Poured and Scored

Looking for a durable floor? Stained concrete can be hard to beat--and beautiful, too.

Step into the offices of Artistic Hardscapes in Oakland, Tennessee, and the first thing you'll notice is the floor. Desks, bookcases, chairs, and other furniture sit on gleaming sky blue, ebony, and reddish stone, arranged in sweeping bands of color, and polished to a mirror finish. What kind of marble or granite, you wonder, can be cut so perfectly, in such huge slabs?

It's not stone. It's just plain concrete — the same stuff that in the past was reserved for sidewalks and driveways. But nowadays, polished concrete is finding a home inside the home, as floors, countertops, and even architectural elements such as arches and columns.

Concrete floors are becoming especially popular, but they are not for everyone. Older houses in Memphis that have what is known as a conventional foundation — the floor supported on beams above a crawlspace — simply can't handle the weight of a concrete floor.

For newer homes, which are often built on a poured slab foundation, concrete is definitely an option. But it's not just a matter of backing up a cement truck to the front door and pouring a layer of cement over a battered wooden floor.

"Whatever surface is on top would have to be taken down to the bare concrete," says Cheryle Grisham, co-owner with her husband Sam of Artistic Hardscapes, which specializes in concrete floors of all kinds. Carpet, linoleum, wood — everything has to come off, all the way down to the original slab. "We put on a cement top coat, and it actually forms a brand-new palette, which gives us the canvas we need for our design."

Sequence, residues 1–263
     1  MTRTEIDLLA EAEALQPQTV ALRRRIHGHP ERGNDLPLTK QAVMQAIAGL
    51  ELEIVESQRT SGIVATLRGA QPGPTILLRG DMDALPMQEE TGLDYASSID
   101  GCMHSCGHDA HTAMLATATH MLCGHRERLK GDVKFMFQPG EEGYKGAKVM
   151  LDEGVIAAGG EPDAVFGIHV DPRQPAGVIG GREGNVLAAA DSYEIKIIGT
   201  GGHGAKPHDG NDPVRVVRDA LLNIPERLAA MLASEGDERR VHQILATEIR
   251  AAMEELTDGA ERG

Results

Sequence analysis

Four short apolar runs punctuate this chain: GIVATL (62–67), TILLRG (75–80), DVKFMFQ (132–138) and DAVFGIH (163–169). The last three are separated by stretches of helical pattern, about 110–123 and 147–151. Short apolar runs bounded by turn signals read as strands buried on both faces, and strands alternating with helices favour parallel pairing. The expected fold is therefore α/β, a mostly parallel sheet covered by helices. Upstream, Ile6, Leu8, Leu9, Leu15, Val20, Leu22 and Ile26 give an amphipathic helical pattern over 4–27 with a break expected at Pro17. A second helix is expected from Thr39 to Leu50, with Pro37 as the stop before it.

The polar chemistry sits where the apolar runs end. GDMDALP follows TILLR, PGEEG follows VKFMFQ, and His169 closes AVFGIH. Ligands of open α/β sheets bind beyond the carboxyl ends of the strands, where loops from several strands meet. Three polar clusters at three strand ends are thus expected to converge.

When building a new home, Grisham points out that it's critical the contractor knows that that the finished residence will have stained-concrete floors.

"He has to be aware that the floors are going to be stained, because they need to make a tight, smooth, non-open finish on the concrete slab," she says. Concrete, in some ways, is like wood, and if it's porous or rough, the stain will be absorbed unevenly. "The tighter the finish, the better the stain goes down," she says. Plus, it's important that the contractor protect the slab during construction, since even things like leftover nails can leave rust marks that will show through the finished stain.

The hard part is the actual top coat, which is surprisingly thin — "credit card thickness," according to Grisham — and bonds to the underlying concrete or slab. Once that top coat has been applied and polished, it is allowed to cure for 28 days. The scoring, which creates the narrow "seams" in the concrete, is made with a grinding saw. Then the stain is applied, just like applying stain to wood. The concrete itself isn't colored, as many think, but "the stain is absorbed just a little bit, and that's what gives it that translucent look and that marble-like finish," says Grisham.

Floors can be tinted a range of natural colors, like reds, greys, and browns, or the design can be considerably more flashy — blues, greens, and any color in the rainbow. "Sometimes we'll even use multiple stains, like a band of colors," says Grisham.

The final steps are the application of an acrylic sealer, which acts as a "wear coat" and then a layer of wax to give it a nice shine.

Needless to say, the finished product, which can cost $6 to $7 a square foot, is durable. "A lot of times, homeowners will have more dogs than they have children," says Grisham, "and they want something durable and maintenance free. With dogs, you're going to get a little bit of dirt, but that's it. And you can put on another wear coat, just like waxing a floor, every two or three months, but it's really not much maintenance at all."

In the end, homeowners don't have to worry about all the problems that can plague wooden floors: rotting, warping, water damage, and termites. 

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